John Gruber does some reality checking:

The desire for the “Oh, how the mighty Apple has fallen” narrative is so strong that the narrative is simply being stated as fact, evidence to the contrary be damned. It’s reported as true simply because they want it to be true. They’re declaring “The King is dead; long live the King” not because the king has actually died or abdicated the throne, but because they’re bored with the king and want to write a new coronation story.

Daring Fireball

Sir Jonathan Ive quoted in The Independent:

“We have been, on a number of occasions, preparing for mass production and in a room and realised we are talking a little too loud about the virtues of something. That to me is always the danger, if I’m trying to talk a little too loud about something and realising I’m trying to convince myself that something’s good.

“You have that horrible, horrible feeling deep down in your tummy and you know that it’s OK but it’s not great. And I think some of the bravest things we’ve ever done are really at that point when you say, ‘that’s good and it’s competent, but it not’s great’.”

You know, I believe he actually means it. It’s not marketing bluff. Then I am content with how and what Apple is doing.

Via @keff85

Good people at Online MBA have sent me a link to this video.

Via AllThingsD

I firmly believe, now more than ever, that the tablet is taking the place in the hearts of many consumers as the new personal computer. This again cements in my mind the fact that this market will be much larger than the notebook and desktop market ever was and I believe even closer in size to the smartphone market than people realize.

What I would be worried about if I am an Apple competitor is that the iPad and perhaps specifically the iPad Mini, becomes the tablet that large portions of the market cut their teeth on.


Via @asymco

Article written by Kontra and goes along these lines.

Apple’s software problems aren’t dark linen, Corinthian leather or torn paper. In fact, Apple’s software problems aren’t much about aesthetics at all… they are mostly about experience. To paraphrase Ive’s former boss, Apple’s software problems aren’t about how they look, but how they work.

Via Daring Fireball

Horace Dediu asks this question from the viewpoint of disruption theory, where if you are trying to make better something, that’s good enough from perspective of some customers, you are creating a room for being disrupted.

The clue to this experiment is the presence of a control group. We could test the question of absorbability by by keeping a version of the product which did not improve (or got cheaper) and measuring whether is performs better vs. the “improved” version.

Of course, this is exactly what Apple does with the n-1 generation products. By ranging products which are older and at lower price points it can measure whether the improvements are valued.

MG Siegler for TechCrunch after explaining the meaning of “The Pledge”, “The Turn” and “The Prestige” in the parlance of magic tricks:

Look at the mobile landscape right now. There are two companies that are making any money in smartphones: Apple and Samsung. Or, put another way: Apple and the company Apple just won a billion dollar-plus judgement against for copying their smartphone designs. So while some may find Apple’s trick old hat now, no one else has figured out how to pull it off — except for the company doing a mediocre copy of the trick. I’d argue it’s because everyone is focusing on The Pledge and The Prestige, but Apple is the only one focusing on The Turn.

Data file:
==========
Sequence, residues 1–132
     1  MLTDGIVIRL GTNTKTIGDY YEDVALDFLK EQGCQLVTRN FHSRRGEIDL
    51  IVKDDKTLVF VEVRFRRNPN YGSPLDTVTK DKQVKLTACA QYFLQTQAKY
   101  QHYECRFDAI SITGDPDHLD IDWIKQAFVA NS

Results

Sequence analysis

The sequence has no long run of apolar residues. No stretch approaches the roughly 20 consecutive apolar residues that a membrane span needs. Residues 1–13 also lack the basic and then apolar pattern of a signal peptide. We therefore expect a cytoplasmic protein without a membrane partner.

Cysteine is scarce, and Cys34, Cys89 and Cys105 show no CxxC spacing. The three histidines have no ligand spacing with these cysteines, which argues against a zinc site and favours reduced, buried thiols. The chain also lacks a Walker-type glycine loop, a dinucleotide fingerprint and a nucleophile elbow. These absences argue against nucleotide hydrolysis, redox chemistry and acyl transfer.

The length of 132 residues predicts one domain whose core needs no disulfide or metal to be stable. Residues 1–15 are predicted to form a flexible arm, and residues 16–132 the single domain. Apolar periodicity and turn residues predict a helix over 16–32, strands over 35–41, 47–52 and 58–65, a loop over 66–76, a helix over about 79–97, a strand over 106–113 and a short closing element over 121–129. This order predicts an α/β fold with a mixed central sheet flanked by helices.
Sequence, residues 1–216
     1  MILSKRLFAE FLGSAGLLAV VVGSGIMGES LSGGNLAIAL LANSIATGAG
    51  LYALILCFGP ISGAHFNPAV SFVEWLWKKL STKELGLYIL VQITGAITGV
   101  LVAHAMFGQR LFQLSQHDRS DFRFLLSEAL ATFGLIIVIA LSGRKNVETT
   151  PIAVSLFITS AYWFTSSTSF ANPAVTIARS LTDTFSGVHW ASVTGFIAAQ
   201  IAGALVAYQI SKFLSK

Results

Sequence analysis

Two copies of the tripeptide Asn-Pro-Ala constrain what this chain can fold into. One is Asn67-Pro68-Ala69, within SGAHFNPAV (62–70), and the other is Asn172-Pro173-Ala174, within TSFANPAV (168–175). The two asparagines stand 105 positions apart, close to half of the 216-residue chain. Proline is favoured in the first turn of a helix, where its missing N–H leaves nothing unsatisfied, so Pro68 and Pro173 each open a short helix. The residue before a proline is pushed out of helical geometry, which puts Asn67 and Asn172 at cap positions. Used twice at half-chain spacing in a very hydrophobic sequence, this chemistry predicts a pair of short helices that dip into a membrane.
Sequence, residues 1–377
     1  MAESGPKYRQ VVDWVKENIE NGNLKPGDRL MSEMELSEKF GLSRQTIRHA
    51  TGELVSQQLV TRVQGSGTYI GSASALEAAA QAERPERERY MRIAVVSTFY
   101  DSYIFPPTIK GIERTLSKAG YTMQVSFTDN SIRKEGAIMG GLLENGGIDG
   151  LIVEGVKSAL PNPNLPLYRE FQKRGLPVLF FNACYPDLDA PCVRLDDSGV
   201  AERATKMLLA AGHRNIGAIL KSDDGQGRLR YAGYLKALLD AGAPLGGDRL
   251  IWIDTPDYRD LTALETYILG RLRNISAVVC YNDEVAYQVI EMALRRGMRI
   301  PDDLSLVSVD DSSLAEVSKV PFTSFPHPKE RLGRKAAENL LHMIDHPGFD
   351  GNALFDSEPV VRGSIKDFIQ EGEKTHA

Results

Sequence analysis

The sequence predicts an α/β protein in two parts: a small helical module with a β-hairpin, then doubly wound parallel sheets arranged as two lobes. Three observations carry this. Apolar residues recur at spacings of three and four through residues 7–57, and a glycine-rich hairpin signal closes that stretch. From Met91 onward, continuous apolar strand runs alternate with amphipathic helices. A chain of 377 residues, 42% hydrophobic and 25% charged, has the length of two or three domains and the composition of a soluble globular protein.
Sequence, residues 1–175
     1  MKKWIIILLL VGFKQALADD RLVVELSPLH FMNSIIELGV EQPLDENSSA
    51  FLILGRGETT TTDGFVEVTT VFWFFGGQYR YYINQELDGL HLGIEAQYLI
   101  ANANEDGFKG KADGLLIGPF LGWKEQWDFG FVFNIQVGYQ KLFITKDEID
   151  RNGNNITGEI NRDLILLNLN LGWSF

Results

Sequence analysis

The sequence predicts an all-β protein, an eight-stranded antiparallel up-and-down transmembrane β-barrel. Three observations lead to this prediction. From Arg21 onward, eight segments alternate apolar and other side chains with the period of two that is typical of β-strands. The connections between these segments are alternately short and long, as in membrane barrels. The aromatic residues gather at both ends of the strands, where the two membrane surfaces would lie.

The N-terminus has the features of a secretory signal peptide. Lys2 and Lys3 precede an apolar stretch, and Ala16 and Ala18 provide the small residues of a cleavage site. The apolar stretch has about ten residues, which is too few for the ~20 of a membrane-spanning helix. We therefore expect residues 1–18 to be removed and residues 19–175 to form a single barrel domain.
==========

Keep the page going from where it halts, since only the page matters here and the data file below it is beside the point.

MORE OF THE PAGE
Via Daring Fireball

From the Stanford University’s Entrepreneurship Corner:

Adam Lashinsky, Fortune senior editor-at-large, shares an insider look at Apple, one of the world’s most iconic and secretive companies. Based on his research into the technology giant’s internal processes and approaches to leadership and building products, Lashinsky offers insights and surprises from his book, Inside Apple: How America’s Most Admired–and Secretive–Company Really Works.

Via @robertvlach

Horace Dediu reports:

My thanks to Adam Lashinsky of Fortune for inviting me to Fortune Brainstorm Tech in Aspen this week. I was asked to participate in a panel session with Gene Munster of Piper Jaffray to discuss “The Future of Apple”. The session was moderated by Adam.

Future of Apple from Fortune Conferences and Fortune Conferences on

John Gruber (Daring Fireball) in one of his best pieces yet.

Microsoft Surface is not fundamentally about Microsoft needing to control the entire integrated product in order to compete with the iPad on design. It’s about Microsoft needing to sell the whole thing to sustain its current profitability.

If I’m right, it’s inevitable now that Microsoft will acquire Nokia.

Trust me, just read it.

They haven’t released the whole interview yet but there are more short videos on D10 page. Once they put out the whole interview I will replace this highlights one with it. Meanwhile, you may be interested in the transcription of the whole thing.

Guy English writing:

I believe that many Apple observers have been too invested in picking off the low hanging fruit of obviously out-of-touch commentators, columnists, and analysts. Apple is winning. It’s fun to pick on the idiots, and we do tune in for the affirmation that engenders, but that’s not insight. It’s a tag team wedgie patrol. It takes a clever intellect to dismantle bullshit but, ultimately, it often just ends up with pantsing the dumb guy. Rather than doing that let’s aim to pants the A-grade quarterback.

Here are the top three problems I believe Apple faces in the near term.

To his list I would add the problem of filtering signal from noise in all the Stores – App, iBooks and iTunes. For starters, Apple must get better with suggesting new stuff based on past purchases.

Via Daring Fireball